Family lands in time to beat deadline

August 20, 1994|By Gilbert A. Lewthwaite | Gilbert A. Lewthwaite,Sun Staff Correspondent

KEY WEST, Fla. -- Jose Ramon Ortega and his family got off their raft of three tire tubes, four pieces of two-by-four, a sheet of plywood, all held together by a knotted rope, just in time to hear President Clinton say there would be no more like them.

With his wife, three stepsons, a stepdaughter and his pet dog, Honey, the 52-year-old truck driver was among the last group of Cuban refugees automatically allowed into the United States.

No sooner were they admitted yesterday, than Mr. Clinton closed the door that had been open to Cuban refugees like them for almost 30 years under a 1966 law.

His face scorched by two days on the water, Mr. Ortega, a wiry figure in a newly acquired T-shirt emblazoned "Las Vegas -- Gambling Capital of the World," listened at the Cuban Refugee Center here to Mr. Clinton announce on television that Cubans would now be processed like other refugees.

Mr. Ortega's reaction: "I feel very strongly that instead of sending Cuban people back to Cuba, he should send them to another free country.

"Once they leave Cuba, people on the waters automatically lose everything, their house, everything. When they go back, they will be penalized for their action."

Even before the family set sail, the house in which they had lived since 1956 was ransacked by government officials, he said.

The reason: an attempt to leave by boat on Sunday was blocked by Cuban troops. Mr. Ortega and his family returned home to find the house entered and their possessions stolen or ruined.

For weeks they had been amassing the material for their raft, some of it stolen, some bought on the black market. It was half-finished and hidden in a friend's garden.

After Sunday's failed effort to leave in a boat, they decided on Monday to finish the raft and make another attempt to put to sea.

They got the nod from a friendly official that a good time to leave would be noon Tuesday. They carried their raft to the beach, only to find Cuban soldiers and police there.

The officers started to shoot in the air, forcing the family and a group of other rafters back to the beach from the water. Suddenly, they told them all to get in their flimsy rafts.

"I thought they were going to destroy the raft, and then they decided not to do it," said Mr. Ortega. "We didn't have a single weapon to defend ourselves. The whole country was outside, hoping like us to get into something to come over here.

"All this commotion was just to make us scared, because after it was over it became very obvious that the government was letting us go without any problem."

Mr. Ortega's wife, Barbara Santana Hoez, 52, wept as she told how her eldest son, Mario, 34, had refused to join the family on its perilous voyage, which started on the beach at Mariel, a port 25 miles east of Havana.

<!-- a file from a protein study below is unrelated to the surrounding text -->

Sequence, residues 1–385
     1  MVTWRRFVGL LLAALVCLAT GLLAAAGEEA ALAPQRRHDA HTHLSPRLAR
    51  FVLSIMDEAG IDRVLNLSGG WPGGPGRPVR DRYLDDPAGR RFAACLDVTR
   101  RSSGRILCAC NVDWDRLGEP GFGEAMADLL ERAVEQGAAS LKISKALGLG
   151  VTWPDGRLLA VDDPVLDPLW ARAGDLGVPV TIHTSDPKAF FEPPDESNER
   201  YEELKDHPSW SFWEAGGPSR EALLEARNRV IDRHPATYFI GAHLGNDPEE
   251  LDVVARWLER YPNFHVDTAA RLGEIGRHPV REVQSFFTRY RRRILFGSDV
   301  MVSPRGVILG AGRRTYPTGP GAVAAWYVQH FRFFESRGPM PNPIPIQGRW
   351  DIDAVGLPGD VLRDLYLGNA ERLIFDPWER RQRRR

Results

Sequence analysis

"He didn't want to put into the high seas with the three children," she said. "One is just a couple of months old, and he couldn't bear to risk losing his children to the sea."

Her three other sons, Miguel, 26, a pest exterminator, Carlo, 24, a warehouse worker, Alexis, 23, a mechanic, and her daughter, Miriam, 30, a medical technician, were with them for the journey.

"We found ourselves without food and water, without hope," she said. "We just sat there and we left it to God to decide."

Her worst moment was when a plane circled overhead. She feared it was Cuban and might seek to fly low over them to whip up the water and sink them.

Instead, it was one of the Cuban emigre pilots flying patrols out of Florida to locate the Cuban rafts on the seas and report their positions to the U.S. Coast Guard.

On Thursday, the Coast Guard picked up 401 Cuban boat people, bringing the total for this month to nearly 3,000. The Ortega family was among them.

They were brought to Key West and released at lunchtime, in time for Mr. Clinton's announcement of the new policy.

All boat people picked up yesterday were to be taken for processing to the U.S. Naval Base at Guantanamo, Cuba.

Why did Mrs. Santana and her family decide to leave the island? "All I want to breathe is fresh air, and be able to express the things that for so many years we have been forbidden to express," she said.

"If I wanted to sit under a tree, I couldn't because the government would ask me what I am doing there and take me away."

As they waited impatiently last night for relatives in Miami to pick them up, they had one regret: The friend who helped build and hide their raft, and who sailed with them apparently did not beat the Clinton policy deadline.

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